Ben Perreira

My head's dropbox.

Month: September, 2014


I took the opportunity to fly up to Portland this week for work and got to connect with a couple old and new friends. A topic of discussion was drug addiction. Having had people close to me become addicted to various drugs and follow strikingly similar patterns to each other, I’ve been forced to think about it too much.

One of these similarities appears to be a desire to deny oneself pain. It’s a precarious philosophical position.

Pain is a critical conduit for finding better things. There’s a body of research that connects depression and creativity – and you would probably find a strong correlation between brilliance and suicide (e.g. Hemingway, Robin Williams). Mental anguish forces us to higher ground in other domains.

Musicians from 50 Cent (Sunny days wouldn’t be special if it wasn’t for rain, Joy wouldn’t feel so good if it wasn’t for pain) to Modest Mouse (If life’s not beautiful without the pain well I’d rather never ever even see beauty again) explore the merits of the duality of good and bad things happening.

Don Quitoxe ends with the word “vale,” a Spanish word that roughly means “ok” or “cool” as we might use it before saying goodbye to somebody. I wrote about my experience reading the book here, but the word choice is interesting in this context because of what else in can mean. The idiomatic translation for the English “it’s worth it” is “vale la pena” – it’s worth the pain.

Whether or not Cervantes meant it this way, it’s fitting to how the story ends and the realities life hands us. Pain happens, but it’s worth it. Being numb to those things – physically or mentally – is to forfeit the opportunity to feel actual, serendipitous highs.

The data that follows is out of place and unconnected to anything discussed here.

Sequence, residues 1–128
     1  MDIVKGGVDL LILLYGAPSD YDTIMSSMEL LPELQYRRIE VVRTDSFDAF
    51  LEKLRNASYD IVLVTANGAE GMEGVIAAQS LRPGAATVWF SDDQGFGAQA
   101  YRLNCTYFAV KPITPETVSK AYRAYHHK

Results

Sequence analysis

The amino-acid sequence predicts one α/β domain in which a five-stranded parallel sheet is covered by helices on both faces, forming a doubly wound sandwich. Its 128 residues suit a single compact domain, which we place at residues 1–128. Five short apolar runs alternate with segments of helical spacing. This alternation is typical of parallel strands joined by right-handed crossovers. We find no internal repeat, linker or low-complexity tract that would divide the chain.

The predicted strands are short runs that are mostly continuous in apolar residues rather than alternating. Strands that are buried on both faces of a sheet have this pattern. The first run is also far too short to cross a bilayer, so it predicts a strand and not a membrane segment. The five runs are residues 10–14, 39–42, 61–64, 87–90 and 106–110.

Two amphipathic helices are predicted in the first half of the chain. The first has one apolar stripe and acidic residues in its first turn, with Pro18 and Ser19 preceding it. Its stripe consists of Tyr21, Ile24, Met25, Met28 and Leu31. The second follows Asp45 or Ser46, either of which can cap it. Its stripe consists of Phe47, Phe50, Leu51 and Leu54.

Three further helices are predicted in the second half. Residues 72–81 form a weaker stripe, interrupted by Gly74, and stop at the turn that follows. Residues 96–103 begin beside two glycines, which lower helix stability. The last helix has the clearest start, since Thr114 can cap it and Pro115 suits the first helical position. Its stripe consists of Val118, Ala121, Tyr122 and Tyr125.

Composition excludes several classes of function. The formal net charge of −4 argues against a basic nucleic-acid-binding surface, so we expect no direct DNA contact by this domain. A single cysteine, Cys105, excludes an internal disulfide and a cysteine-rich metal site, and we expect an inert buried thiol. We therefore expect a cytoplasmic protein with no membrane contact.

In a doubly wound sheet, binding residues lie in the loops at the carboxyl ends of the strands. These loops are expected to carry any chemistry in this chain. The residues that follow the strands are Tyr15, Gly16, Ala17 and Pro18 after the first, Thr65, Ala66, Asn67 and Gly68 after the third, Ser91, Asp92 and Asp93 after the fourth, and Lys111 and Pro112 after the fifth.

Curing Brand Phobias

In their book, Creative Confidence, IDEO founders Tom and David Kelley recount how psychologist Albert Bandura cures snake phobias (ophiophobia). Bandura uses successive steps – from getting them into the same room as the snake to seeing someone holding it to actually holding it themselves – to dull the edges of fear. The technique, known as “guided mastery,” makes phobias vanish permanently when administered properly.

As I wrote in my previous post, I have a ton of things I’m afraid of. One of them was skydiving – until I went. Now I can’t wait to go again.

But this story really made me think about how we (used imperially to group people together who work on brand communications) try to “cure” brand phobias. More importantly, perhaps, is that the story sheds some light on how this process can go wrong.

Let’s look at BP. This company caused a ton of real damage in the Gulf in 2010. People have legitimate concerns (phobias) about BP the brand. Why would I buy something with the BP name attached to it when there are so many other options, they would ask themselves?

BP started to attack the phobias by apologizing and attempting to atone. The brand’s communications evoked empathy by showing BP employees that are real Gulf residents (just like you!). This year, they told us about their commitment to safety and innovation. They even claim to be sharing their learning with other energy companies.

The next step in curing BP-phobia may be for the brand to try to show the company is an innovator in alternative fuels. Chevron does this fairly well. BP could help allay fears by showing its commitment to moving beyond fossil fuels and into sustainable energy. They could also produce research that shows seafood from the Gulf is now fine to eat. If true, that would directly attack the fears of its most vociferous phobics.

What if we choose not to follow some kind of methodology to cure fears? What if we surprise a ophiophobic by handing him a snake? What if BP skipped the apology and kept talking about how great and cheap its gas is?

Good luck. I suspect it would make things worse.

Everybody wants to go to heaven, they say, but nobody wants to die. Being afraid of snakes isn’t that hard and holding a snake is pretty easy; how we get there is hard. We have to take the necessary steps to identify phobias around a brand to begin to see what a roadmap to fearlessness may look like. And a brand that doesn’t stoke phobias is pretty powerful.